Day in the Life of a Remote Company: Buffer
Day in the Life of a Remote Company
What makes a remote company thrive? Hailley Griffis, Head of Public Relations for Buffer shares how the company makes it work with a team of 85 across 18 countries without central headquarters.
How is Buffer structured?
We are structured traditionally with our team of executives managing a team of managers and those executives report to our CEO.
What cultural practices do you proudly promote? (ex. Ensuring your employees are working comfortably and aren’t lonely)
- Making sure people don’t feel they need to be on Slack all day
- A minimum of three weeks vacation time for all teammates
- Making sure the whole team knows they are welcome to ‘bring their whole self to work’ and share their feelings/experiences with their colleagues.
- Practicing regular gratitude in our gratitude Slack channel
- Valuing transparency
- Acting beyond ourselves and profit-sharing with teammates as well as donating to charity every year
"Joel chose fully remote so that Buffer employees could live wherever they felt happiest and most productive and we later realized there are a lot of other benefits to remote work: being able to hire great teammates regardless of location and having customer advocates in almost every time zone."
Why and how did you decide to go remote?
Remote work happened a bit accidentally at first. The Buffer co-founders raised $400,000 in Angel funding and then because of visa problems had to leave the US. They decided to start hiring qualified people wherever they were and ended up with a remote team. There was a time when everyone could have been based out of San Francisco but the advice given to our CEO Joel was to either be fully in an office or fully remote so as not to create a divide in the company.
What’s your biggest remote challenge and what are you doing to work around it?
We’ve definitely struggled with communication in the past because we value transparency so much and we want to make sure that people have access to the information that they need when they want it. We do feel like we’re in a good place right now with reports from the executive team and updates on their team’s projects, as well as with the All Hands every two months to help the flow of communication.
What does a typical day look like at your company?
It depends on the person’s role and habits, there is no one right answer here. Generally, people will start their day either by logging into Slack to check in with their team or getting started immediately on their work. The team isn’t required to check in on Slack first thing, though many do.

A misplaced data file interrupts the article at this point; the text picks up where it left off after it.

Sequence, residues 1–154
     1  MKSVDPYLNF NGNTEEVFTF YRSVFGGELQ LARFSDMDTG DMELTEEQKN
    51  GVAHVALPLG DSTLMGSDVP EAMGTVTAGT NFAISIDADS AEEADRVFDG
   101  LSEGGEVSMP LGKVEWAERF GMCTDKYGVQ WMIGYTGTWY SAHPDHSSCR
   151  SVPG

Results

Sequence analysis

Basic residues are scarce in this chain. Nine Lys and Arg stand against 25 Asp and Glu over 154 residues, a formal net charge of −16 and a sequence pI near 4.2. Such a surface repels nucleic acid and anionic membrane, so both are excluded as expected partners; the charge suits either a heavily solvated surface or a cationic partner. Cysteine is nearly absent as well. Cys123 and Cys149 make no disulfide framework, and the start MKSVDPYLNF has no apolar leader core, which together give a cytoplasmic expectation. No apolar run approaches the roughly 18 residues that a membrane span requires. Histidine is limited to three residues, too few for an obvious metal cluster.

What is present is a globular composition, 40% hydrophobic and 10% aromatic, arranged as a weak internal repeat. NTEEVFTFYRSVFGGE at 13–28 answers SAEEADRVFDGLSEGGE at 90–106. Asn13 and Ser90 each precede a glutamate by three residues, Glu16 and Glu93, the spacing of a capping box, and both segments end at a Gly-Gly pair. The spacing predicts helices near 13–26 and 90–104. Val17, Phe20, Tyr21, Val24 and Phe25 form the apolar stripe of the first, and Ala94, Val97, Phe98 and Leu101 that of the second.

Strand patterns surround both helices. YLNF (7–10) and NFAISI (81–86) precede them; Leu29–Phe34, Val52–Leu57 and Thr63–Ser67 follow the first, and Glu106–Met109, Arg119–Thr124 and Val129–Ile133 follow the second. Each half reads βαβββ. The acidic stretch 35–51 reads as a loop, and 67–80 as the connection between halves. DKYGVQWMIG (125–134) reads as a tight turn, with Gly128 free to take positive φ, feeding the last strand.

Ivana Zuber’s workspace
"We encourage people to take lots of breaks throughout the day."
Most people will have video calls throughout the day or week as well. Depending on the role someone is in they’ll spend the day working on projects and in different tools plus coordinating with their team. Since we’re all so spread out the day ends at different times for everyone. Many people will share in Slack before they sign off to let their team know they won’t be online anymore.
What tools do you use every day, company-wide?
How do you ensure your team is staying on task and engaged with their work?
Each manager has their own method here whether it’s setting quarterly goals or project-based goals that they then check in on during 1:1s and project meetings. For example, on the marketing team we each set quarterly goals that tie into the larger marketing team goals which tie into annual Buffer company goals. A teammate’s goals might have to do with the product launches they are working on or any other big projects on the horizon.
Hailley’s workspace at home
We’ve been seeing some Fortune 500s feeling apprehensive about going remote because they’re not sure how to track their employee’s productivity in relation to their company success rate. Would you say those are totally different streams of measurement that aren’t as important in remote work culture?
I’d be curious about how Fortune 500 companies are currently tracking productivity. Many companies do so simply by the number of hours that someone is sitting at their desk, which isn’t necessarily representative of what they are accomplishing. If companies have metrics they can track over time that relate to an employee’s productivity as well as the company’s success then they should be able to do that remotely as well.
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